The Benchling R&D cloud is pitched as built for scientific work by discovery and development teams, aimed at maximising productivity by making it easy and glitch-free to collaborate using an integrated, extensible platform, whether it involves developing new medicines, crops, foods or materials. “Benchling powers the possibilities of tomorrow”, they boldly and blithely declare.

  • Benchling customers discover and develop breakthrough innovations faster, accelerating workflow cycle time by 38%

  • Structured collaboration

Benchling has been called the “Google Docs for R&D”. Strangely enough, this underlying aspect of the company’s business model is perhaps/probably where the greatest overall importance lies. The whole idea of documents as isolated repositories of information that get dealt with sequentially (= usually emailed back and forth!) has been one of the prime conceptual memes of digital information exchange for something like half a century. It only began to change with things like Google Docs and Dropbox Paper and was then followed by more specialised collaborative information-building platforms like Manifold, Almanac, Coda, Craft, etc. All of these software platforms are really content-neutral enablers for ideas, know-how and information, regardless of form, flavour or discipline.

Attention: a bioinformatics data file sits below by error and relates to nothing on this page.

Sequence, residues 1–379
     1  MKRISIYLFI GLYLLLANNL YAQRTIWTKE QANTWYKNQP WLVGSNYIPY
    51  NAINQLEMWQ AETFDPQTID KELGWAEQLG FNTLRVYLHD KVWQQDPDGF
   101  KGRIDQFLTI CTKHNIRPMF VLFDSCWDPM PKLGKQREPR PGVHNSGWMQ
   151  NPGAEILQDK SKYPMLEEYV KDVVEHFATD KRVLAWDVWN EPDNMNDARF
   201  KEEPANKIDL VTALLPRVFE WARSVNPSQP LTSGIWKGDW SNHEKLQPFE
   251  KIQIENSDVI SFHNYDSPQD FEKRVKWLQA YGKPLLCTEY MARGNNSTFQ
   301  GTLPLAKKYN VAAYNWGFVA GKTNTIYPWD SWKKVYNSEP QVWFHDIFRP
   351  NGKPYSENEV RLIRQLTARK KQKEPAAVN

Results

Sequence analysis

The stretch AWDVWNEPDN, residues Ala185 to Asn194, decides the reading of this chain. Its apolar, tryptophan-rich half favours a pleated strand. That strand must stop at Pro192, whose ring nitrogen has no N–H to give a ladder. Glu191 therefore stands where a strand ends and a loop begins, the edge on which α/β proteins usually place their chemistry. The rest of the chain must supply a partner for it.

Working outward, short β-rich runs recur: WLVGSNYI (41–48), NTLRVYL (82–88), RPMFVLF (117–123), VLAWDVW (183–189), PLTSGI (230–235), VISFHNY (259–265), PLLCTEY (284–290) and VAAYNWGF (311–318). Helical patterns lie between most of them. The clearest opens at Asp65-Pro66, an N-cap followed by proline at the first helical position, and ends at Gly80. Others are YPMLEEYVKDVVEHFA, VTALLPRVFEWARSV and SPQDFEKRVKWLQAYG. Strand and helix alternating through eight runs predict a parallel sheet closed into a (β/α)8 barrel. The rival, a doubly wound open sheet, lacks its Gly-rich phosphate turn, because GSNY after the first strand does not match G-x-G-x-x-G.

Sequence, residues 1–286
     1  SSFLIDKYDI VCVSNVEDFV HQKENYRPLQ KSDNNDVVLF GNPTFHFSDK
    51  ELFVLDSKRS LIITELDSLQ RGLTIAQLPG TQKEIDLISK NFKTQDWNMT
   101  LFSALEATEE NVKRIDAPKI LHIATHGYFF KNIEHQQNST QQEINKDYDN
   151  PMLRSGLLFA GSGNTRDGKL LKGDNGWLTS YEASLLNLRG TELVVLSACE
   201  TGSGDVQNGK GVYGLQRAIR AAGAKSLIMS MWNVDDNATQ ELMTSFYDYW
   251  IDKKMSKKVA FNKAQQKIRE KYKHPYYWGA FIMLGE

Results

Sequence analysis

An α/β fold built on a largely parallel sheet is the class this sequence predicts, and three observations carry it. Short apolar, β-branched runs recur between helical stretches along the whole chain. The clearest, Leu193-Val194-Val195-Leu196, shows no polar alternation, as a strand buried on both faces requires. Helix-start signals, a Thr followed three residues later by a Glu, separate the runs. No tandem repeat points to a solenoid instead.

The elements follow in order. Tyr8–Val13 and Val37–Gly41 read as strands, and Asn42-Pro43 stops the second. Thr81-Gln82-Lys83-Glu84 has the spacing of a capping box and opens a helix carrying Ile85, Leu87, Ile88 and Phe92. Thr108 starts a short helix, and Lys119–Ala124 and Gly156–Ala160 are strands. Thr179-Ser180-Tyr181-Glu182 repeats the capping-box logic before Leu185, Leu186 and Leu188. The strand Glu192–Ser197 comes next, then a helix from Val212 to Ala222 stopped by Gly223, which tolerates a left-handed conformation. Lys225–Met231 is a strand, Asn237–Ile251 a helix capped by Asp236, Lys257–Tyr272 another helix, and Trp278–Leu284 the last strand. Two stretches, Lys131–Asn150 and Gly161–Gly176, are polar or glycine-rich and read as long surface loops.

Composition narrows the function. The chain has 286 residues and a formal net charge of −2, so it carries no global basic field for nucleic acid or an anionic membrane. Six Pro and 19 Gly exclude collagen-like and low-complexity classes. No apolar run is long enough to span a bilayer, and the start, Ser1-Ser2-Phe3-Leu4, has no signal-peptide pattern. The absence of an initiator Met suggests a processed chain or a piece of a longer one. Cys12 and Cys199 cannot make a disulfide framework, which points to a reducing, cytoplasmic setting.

And once the necessary collaborative tools, APIs and data taxonomy are in place to serve as integration and compatibility pathways, it becomes much easier to factor in the rapidly accelerating AI smarts to achieve a whole lot more with our know-how – faster and with less hassle.

Knowledge management – the enabler capability

To be clear, the nitty-gritty of biotech and the life sciences isn’t a field I’ve had much experience with. But from a wider perspective the really interesting thing about tools and platforms like Benchling lies in their knowledge management capabilities – what they make possible in terms of time to market, avoiding duplication of effort, the cost-effective/planet guardianship use of resources and careful focus in applying hard-won, costly know-how. If know-how has value, such tools can probably amp up that value x 10.

Much scientific and technical development is now data-driven, and therefore requires the ability to manage massively complex statistical/experimental datasets. Benchling et al make it easier to integrate these massive data dollops into connected/accessible and repurposable formats. Even more importantly, they pave the way to de-siloed collaborative processes that can turn inklings and ideas into scientific progress, and improve the lives of people everywhere.

Benchling seems to have become an entire lingua franca framework for development and collaboration in many specific and specialised fields of scientific endeavour – an ecosystem for effective data-driven collaboration. These are capabilities that can help make sure our shared society gets the most out of all the resources poured into R&D a.k.a. new ideas and how best to put these to best use. Such tools can accelerate our technical capabilities as well as how quickly we can put these capabilities to work.